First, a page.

One company (SumoMe) challenges their interviewees to build the following survey app. I heard about this challenge and thought I’d give it a go.
- Create a web app written in Node.JS using an Express based framework, SequelizeJS, and MySQL.
I got everything except SequelizeJS. My rational for failing this requirement: I wanted to take this challenge as an opportunity to explore Loopback (or Sails) but I didn’t see a path where SequelizeJS could fit in with this framework. I made a decision to deviate from the requirements to pursue my own learning initiative. To quote a local bank robber: “my [project], my rules”. However! Along the way I DID figure out how I could use SequelizeJS within Loopback! Conceptually it goes like this: 1) create a model that extends the base “Model”, 2) manually map API endpoints to remote methods on that model, and 3) at this point you can do whatever you want, import/call/return SequelizeJS model methods. Maybe in a future version I will make this requirement pass.
- Use NPM to declare all dependencies so that we can run it in a test environment.
- The app should allow an admin to enter survey questions with multiple choice answers.
Login with username:
secret. Navigate to the add question form.
- When a guest visits the app in a browser it should present a random survey question to the guest and allow them to answer.
For this, I created an API endpoint on the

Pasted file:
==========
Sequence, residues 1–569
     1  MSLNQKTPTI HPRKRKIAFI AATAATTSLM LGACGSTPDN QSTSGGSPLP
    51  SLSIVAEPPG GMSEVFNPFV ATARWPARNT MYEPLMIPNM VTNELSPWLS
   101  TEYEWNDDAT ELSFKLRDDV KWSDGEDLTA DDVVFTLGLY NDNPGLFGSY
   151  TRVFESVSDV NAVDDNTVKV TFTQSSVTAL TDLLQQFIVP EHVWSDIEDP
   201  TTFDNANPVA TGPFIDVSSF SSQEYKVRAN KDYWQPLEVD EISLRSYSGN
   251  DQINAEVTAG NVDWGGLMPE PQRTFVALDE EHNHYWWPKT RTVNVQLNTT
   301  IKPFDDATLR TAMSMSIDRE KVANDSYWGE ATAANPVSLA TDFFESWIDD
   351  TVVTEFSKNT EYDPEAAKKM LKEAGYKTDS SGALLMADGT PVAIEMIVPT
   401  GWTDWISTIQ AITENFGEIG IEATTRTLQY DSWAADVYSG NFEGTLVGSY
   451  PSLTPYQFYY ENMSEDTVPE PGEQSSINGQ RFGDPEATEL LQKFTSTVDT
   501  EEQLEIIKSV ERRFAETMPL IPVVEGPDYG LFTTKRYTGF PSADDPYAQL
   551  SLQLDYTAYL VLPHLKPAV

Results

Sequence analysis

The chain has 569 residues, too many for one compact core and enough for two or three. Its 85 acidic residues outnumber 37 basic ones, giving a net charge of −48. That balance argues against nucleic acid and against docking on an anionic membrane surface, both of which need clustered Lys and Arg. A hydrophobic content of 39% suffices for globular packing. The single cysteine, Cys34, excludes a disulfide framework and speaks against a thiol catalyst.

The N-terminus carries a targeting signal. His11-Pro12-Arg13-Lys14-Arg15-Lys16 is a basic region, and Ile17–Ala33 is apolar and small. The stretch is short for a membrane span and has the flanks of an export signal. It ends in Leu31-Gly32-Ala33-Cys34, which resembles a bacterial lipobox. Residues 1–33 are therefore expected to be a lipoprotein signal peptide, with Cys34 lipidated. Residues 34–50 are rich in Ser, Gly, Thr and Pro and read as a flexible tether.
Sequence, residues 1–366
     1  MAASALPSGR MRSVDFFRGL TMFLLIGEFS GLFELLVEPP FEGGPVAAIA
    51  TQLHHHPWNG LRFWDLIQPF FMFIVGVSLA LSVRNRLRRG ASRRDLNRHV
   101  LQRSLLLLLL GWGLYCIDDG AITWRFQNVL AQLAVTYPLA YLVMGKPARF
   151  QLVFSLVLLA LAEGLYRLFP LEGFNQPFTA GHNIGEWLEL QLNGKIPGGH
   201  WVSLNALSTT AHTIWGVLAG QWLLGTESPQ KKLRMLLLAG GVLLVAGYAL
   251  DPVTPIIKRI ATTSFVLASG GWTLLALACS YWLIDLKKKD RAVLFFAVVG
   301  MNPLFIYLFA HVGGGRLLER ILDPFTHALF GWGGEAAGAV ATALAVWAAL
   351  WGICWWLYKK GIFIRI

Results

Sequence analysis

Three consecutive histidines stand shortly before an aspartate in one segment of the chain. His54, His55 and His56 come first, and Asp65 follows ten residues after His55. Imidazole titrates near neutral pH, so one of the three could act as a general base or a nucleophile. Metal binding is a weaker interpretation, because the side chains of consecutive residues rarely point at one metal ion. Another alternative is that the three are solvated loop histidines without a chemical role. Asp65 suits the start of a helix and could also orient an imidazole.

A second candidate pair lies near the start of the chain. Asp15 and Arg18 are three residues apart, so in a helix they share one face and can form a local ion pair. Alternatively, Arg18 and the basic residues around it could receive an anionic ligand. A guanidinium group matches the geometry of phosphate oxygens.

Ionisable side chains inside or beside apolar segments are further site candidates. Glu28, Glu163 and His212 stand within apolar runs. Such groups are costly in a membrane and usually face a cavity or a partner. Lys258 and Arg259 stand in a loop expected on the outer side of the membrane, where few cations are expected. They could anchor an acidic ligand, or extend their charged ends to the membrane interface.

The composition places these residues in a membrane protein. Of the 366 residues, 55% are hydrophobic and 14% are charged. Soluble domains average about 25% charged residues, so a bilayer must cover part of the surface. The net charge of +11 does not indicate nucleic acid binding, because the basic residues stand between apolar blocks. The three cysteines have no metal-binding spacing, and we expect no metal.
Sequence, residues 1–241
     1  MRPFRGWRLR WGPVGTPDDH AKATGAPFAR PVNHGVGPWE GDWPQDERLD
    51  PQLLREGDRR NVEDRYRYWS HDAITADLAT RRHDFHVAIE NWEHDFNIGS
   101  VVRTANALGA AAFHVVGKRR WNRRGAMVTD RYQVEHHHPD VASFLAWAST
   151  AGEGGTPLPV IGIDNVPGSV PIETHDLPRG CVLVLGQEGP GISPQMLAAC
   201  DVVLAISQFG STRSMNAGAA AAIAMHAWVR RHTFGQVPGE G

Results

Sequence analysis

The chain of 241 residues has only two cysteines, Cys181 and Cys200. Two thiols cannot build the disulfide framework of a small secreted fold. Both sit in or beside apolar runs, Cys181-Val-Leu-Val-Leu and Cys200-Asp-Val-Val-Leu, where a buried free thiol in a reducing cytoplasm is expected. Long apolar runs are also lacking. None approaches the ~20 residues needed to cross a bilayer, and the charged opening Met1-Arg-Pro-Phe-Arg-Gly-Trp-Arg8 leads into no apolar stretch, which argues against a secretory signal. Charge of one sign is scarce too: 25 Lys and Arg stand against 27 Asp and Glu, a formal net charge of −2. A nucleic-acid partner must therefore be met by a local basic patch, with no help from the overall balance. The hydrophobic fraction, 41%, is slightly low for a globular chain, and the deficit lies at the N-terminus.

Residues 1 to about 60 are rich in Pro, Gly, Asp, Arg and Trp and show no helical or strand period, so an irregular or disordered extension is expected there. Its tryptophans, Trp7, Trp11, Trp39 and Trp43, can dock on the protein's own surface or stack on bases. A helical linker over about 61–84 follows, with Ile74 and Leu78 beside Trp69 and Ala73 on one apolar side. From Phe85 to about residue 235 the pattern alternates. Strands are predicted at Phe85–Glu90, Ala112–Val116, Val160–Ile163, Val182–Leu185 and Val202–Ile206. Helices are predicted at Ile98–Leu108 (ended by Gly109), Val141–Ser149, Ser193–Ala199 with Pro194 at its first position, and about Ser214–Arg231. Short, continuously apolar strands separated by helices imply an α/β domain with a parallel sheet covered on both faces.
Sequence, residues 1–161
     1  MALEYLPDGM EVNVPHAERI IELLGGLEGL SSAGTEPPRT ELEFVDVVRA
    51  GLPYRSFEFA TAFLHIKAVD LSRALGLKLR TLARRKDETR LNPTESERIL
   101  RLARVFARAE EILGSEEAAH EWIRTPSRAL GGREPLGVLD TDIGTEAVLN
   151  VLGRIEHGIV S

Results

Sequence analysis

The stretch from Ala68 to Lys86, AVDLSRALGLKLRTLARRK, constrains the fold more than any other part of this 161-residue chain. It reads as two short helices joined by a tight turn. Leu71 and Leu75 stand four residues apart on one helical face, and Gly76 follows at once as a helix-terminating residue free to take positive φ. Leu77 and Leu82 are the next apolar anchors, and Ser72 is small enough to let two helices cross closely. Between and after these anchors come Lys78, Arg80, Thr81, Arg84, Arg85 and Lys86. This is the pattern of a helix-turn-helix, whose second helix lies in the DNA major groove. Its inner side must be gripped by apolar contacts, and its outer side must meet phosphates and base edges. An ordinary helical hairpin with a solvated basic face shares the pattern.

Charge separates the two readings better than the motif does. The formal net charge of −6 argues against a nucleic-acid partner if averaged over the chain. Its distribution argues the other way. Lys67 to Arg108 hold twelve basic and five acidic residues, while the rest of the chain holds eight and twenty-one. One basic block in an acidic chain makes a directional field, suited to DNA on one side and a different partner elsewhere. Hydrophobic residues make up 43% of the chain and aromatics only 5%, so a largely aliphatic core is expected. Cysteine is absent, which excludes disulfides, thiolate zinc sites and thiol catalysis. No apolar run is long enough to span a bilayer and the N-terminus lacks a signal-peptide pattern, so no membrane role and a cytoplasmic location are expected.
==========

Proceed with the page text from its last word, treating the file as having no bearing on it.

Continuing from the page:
getOneUnansweredquestion. That method gets called when the survey page is loaded. If you’re looking closely, you may have noticed an intermediary
SurveyService that doesn’t really do anything. Good observation! Loopback has this wonderful workflow where you can really do anything on the client without touching the initial API. Initially, this
SurveyService contained all the logic to get unanswered questions. It was poorly optimized, but great for getting up and running very quickly. Once it was up and running that logic got refactored to server side code. I actually really liked this workflow.
- Record answers and display the survey results in an admin interface.
The admin interface uses the
d3library to create a very basic visual summary of the data.
- Avoid showing a previously answered question to the same guest.
I attempted to do this in a RESTful (ie state-less, session-less) way. On the client I use a library called Fingerprintjs2. This library aggregates several details about your browser-environment and creates a ‘fingerprint’ that has a very high probability of being unique. On the server I pair that fingerprint with the client’s IP for even more uniqueness. These 2 fields describe anonymous guests without using sessions or cookies.
Using client IP certainly is a form of state, but the point of avoiding ‘sessions’ is to allow MASSIVE scalability. Using client IP doesn’t hinder your scaling options at all!
- Make sure the UI is mobile browser friendly.
I used a gutted version of bootstrap for its normalization and responsive utilities. For development, I used Browsersync to design a mobile and desktop UI simultaneously.
- Provide a clear README with instructions on how to setup and run the app.
See github.com/bionikspoon/sumo-survey for installation instructions.
- Create a github.com repository with the app that we can pull from and test.
Firefox: ‘admin add survey’ form submits form when adding a choice. The.
d3frequency charts are not respecting the width of its container (on smaller screen sizes)
- New SSL certificate issue with heroku and manuphatak.com subdomain.